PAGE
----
And if I need to go and modify and update the information online, I could open each of these records and click on it and make those changes. But if I’m gonna be changing a number of them, I need to like reset these probabilities for instance. As a salesperson, I don’t have time to click through each one of these. So what I’m gonna do is at the top, I’m gonna click on export to Excel, open an Excel online. And this is gonna give us Excel. So I can now go in and edit. I can do formulas. I can do calculations. Most house folks are real Excel jocks, so you would be right at home here. You have a pretty much all of the Excel online functionality at your fingertips. And as you make these edits and changes, the Save button here in the corner is going to save that Excel in the background. And in the background, it’s gonna go and update all of those records. So Excel is a great tool to augment to CRM. A lot of folks use Excel exclusively. And you can continue to use those skills. And if you have some things you like to do in Excel that helps you run your business, you don’t lose that. Matter of fact, you can incorporate that into this business process around CRM. So if we look at this thing, I’ve talked about stages here a couple of times. So if I go into one of these opportunities and look at the stages, you’ll see that out of the box, there’s a set of stages that’s been defined, you qualify the lead. You develop the background for the information. Eventually, you have enough information. You can propose a solution. Once you propose a solution, you can negotiate to close. These stages can be changed. So they should be adapted to your business. They can be dynamic. They can change. Some sales processes are very short and only have two or three steps. They’re reordering something they’ve ordered before. Other sells cycles are very complex, involving a lot of research, a lot of approvals with stages along the way to get to closure.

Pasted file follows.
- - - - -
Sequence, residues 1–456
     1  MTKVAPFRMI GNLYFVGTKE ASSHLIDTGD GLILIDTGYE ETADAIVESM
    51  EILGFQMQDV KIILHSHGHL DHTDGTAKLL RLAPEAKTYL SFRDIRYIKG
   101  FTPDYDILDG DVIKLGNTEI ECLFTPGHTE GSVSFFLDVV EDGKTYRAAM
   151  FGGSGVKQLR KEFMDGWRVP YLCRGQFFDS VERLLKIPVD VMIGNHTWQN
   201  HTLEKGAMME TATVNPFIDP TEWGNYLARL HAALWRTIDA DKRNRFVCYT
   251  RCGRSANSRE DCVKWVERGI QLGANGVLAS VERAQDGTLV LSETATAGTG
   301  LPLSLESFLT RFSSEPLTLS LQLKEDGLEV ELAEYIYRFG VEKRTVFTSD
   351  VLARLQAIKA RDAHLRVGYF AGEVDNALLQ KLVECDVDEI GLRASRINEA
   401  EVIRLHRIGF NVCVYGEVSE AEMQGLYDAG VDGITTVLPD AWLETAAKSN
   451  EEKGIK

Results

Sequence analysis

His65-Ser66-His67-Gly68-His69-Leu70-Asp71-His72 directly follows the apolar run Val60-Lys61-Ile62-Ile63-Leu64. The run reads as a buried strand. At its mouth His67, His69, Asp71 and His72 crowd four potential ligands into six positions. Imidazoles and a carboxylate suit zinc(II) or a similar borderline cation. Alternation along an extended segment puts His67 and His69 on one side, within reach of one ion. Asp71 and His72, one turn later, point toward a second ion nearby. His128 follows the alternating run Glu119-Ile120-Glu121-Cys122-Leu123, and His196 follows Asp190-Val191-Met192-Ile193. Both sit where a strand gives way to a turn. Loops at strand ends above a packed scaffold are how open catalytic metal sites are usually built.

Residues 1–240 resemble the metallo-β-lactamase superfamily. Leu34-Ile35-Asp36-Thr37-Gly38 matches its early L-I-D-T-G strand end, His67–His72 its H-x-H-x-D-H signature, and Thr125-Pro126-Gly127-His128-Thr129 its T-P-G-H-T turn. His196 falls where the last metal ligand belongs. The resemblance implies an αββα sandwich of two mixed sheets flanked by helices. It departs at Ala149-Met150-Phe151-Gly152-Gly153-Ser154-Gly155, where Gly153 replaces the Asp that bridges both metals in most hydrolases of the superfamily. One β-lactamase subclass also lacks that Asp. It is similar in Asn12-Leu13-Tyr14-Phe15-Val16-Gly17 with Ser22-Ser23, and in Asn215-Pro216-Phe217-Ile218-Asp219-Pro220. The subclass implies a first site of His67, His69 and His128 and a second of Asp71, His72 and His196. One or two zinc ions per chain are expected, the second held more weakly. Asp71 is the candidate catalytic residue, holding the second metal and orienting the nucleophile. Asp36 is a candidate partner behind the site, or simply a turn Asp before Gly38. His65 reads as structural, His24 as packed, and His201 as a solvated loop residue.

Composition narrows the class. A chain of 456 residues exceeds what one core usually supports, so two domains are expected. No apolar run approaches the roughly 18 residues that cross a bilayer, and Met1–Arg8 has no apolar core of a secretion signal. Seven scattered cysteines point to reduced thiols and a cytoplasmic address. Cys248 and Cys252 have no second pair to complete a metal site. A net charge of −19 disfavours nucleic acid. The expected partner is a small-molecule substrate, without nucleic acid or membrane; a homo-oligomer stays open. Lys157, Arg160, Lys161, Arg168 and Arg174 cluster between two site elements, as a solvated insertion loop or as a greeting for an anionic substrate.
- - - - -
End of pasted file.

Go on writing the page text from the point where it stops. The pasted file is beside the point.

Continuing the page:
The business process part, which is what this is called across here, the opportunity sales process adapts to all of those things, and the value of it is for the sales person, it is just giving you some perspective on your bucket of business. If you have several hundred leads and opportunities on your desk, being able to segment them into where they are in their lifecycle just helps you have a better handle on it. For the business and for you operating and working with your sales manager, the real value here is definitions. The company has to come to a common understanding of what does that mean to qualify? What does it mean to be in the development stage? What does it mean to be in the propose, a ready to close stage? So a lot of conversations you may be having with management is helping them understand where your deals are in their process. So this is a tool that helps minimize those conversations hopefully. If you’ve agreed on the definitions, what the stages are, now when your sales manager sees how much money you have, revenue you estimated you have at the develop and propose stages, they understand what that means because you now have a common language, a common set of definitions that you can work with. And that just really cuts down on the amount of conversations and email back and forth about what’s going on with the XYZ deal.